A new hydrogen filling station was commissioned in Karlsruhe using hydrogen produced on-site using solar energy
The station will be operated by H2 MOBILITY, a new joint venture formed by the industry partners Daimler, Air Liquide, Linde, Shell, OMV and TOTAL in order to expand the German nationwide hydrogen network to as many as 400 stations by 2023. Daimler is the investor behind the facility; the refuelling technology comes from Linde.
Norbert Barthle, State Secretary at the Federal Ministry for Transport and Digital Infrastructure, said: “Our support for the ramp-up of alternative drives is technology-agnostic. We want to be at the forefront of shaping the development. In this process, fuel cells are a key technology in turning the tide towards electromobility. Fewer emissions, quick refuelling, and a long range are the future of electric mobility. Each new hydrogen filling station takes us one step further in building a nationwide charging infrastructure. This helps us bring more clean vehicles onto our roads and ensure more mobility with fewer emissions.”
H2 MOBILITY is planning to commission further hydrogen filling stations in the months ahead and recently issued a call for proposals for additional filling-station locations: several stations are to be built in regions with the largest potential hydrogen sales for fuel-cell cars (700 bar).
Nikolas Iwan, Managing Director of H2 MOBILITY GmbH & Co. KG, said: “H2 MOBILITY has been tasked with building and operating a hydrogen infrastructure across Germany. This is unique: nowhere in the world is there a comparable business initiative that solves the chicken-and-egg problem so sustainably. By the end of 2018, 100 hydrogen stations will ensure a basic supply. If the introduction of hydrogen as a fuel is successful and the number of fuel-cell cars continues to grow, we will expand the network to as many as 400 hydrogen stations by 2023.”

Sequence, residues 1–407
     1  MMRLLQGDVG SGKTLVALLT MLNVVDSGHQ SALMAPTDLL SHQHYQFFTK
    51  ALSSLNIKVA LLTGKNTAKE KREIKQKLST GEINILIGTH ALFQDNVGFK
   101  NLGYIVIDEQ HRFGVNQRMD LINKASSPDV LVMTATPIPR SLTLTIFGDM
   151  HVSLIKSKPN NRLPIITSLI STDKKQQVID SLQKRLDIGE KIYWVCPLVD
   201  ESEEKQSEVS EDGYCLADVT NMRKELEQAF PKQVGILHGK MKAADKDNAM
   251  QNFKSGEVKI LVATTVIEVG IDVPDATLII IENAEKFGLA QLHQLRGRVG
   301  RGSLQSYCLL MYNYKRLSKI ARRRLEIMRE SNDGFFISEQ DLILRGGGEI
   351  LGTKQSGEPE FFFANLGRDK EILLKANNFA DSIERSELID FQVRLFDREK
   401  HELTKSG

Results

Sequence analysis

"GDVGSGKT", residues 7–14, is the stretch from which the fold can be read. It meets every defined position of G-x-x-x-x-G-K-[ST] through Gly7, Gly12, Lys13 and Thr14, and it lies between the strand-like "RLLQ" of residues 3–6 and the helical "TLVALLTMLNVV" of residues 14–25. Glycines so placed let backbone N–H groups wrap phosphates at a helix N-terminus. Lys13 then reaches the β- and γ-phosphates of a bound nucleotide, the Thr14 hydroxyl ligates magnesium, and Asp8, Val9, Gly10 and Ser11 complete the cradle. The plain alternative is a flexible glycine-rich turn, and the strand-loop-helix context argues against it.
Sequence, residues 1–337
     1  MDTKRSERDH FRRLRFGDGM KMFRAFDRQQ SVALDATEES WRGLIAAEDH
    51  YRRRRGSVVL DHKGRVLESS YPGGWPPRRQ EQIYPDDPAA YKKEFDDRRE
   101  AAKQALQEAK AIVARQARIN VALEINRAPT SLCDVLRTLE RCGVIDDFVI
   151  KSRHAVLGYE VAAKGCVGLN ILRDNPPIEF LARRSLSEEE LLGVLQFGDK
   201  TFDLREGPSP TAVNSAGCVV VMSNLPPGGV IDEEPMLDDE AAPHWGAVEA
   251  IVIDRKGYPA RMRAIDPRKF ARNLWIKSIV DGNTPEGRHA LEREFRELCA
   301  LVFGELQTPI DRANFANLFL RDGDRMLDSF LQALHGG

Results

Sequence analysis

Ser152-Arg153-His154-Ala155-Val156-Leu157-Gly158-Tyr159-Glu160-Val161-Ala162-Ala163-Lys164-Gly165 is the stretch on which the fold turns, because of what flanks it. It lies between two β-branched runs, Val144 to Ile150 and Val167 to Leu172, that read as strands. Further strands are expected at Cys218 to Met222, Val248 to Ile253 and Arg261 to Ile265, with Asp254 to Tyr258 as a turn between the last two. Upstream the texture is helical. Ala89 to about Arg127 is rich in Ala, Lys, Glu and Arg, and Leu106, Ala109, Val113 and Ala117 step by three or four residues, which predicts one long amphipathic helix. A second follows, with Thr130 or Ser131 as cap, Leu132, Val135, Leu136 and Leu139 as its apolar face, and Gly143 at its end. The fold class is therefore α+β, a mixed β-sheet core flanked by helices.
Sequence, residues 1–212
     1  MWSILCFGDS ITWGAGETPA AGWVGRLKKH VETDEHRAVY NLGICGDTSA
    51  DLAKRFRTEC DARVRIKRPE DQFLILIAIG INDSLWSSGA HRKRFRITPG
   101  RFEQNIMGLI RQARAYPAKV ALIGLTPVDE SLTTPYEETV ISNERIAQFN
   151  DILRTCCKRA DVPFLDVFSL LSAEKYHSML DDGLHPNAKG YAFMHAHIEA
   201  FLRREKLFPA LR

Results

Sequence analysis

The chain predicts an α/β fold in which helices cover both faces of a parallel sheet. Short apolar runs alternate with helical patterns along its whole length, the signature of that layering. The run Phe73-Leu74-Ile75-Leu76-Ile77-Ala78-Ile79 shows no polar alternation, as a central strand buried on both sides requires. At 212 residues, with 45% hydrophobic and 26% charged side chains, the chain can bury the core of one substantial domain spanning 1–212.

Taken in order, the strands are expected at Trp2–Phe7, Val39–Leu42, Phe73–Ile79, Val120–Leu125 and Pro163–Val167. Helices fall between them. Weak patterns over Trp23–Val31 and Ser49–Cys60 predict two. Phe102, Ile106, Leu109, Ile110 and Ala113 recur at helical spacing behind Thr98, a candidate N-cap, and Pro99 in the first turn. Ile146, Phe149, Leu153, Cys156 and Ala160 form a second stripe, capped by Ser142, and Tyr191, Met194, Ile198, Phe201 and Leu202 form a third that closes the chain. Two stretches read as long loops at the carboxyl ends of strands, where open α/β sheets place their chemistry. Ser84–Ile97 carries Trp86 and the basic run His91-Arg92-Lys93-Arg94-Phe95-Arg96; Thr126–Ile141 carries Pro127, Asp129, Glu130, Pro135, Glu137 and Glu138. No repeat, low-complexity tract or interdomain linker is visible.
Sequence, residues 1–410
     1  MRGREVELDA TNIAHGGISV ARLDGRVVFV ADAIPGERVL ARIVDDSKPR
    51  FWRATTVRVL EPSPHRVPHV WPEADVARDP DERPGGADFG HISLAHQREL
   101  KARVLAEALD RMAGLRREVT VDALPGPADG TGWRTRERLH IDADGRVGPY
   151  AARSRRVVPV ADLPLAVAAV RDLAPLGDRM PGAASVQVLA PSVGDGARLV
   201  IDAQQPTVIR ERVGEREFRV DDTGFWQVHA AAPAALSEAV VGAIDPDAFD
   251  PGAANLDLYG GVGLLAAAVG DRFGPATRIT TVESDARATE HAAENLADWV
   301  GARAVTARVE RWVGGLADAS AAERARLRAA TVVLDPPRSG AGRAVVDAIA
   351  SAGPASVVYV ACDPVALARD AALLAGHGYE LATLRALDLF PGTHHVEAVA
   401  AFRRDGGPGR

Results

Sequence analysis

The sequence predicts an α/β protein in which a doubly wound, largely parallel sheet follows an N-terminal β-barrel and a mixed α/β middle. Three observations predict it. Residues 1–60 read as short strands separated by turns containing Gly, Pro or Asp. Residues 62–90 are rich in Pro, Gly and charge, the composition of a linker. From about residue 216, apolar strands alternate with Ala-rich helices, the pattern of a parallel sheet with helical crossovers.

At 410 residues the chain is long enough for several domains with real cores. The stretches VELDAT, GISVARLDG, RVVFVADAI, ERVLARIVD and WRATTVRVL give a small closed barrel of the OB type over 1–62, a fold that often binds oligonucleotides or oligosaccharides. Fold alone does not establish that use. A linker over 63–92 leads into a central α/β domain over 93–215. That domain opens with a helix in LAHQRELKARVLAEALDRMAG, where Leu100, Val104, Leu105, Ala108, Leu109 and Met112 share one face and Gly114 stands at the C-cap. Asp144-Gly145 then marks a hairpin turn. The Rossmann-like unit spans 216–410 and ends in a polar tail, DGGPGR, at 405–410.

The hydrogen filling station marks the first time that a steam electrolysis plant in flexible operation is used for the production of hydrogen. It is funded by the state of Baden-Württemberg’s BWPLUS program and administered by the European Institute for Energy Research (EIFER). Steam electrolysers are excellent for converting electrical energy into chemical energy. Due to their high operating temperatures of up to 850°C and the possibility of supplying the required energy in the form of heat, significantly higher electrical efficiencies can be achieved than with low-temperature electrolysers.
The scientific monitoring of the hydrogen filling station will involve testing the electrolyser’s load-sequence operating capability of over 5000 hours. Using a monitoring system, all of the facility’s system parameters will be recorded, and then evaluated and analysed by EIFER. As the supplier of the electrolysis facility, the Dresden company Sunfire is working to bring renewable energies into the mobility sector in an efficient way. “This can happen directly as hydrogen at the filling station, or by supplying green hydrogen, synthesis gas or synthetic crude oil substitute (e-Crude) to refineries for the production of traditional fuels for combustion engines based on water, green electricity and CO2,” said Nils Aldag, Chief Commercial Officer at Sunfire. “The hydrogen filling station in Karlsruhe provides outstanding proof that Sunfire’s electrolysis technology is very versatile.”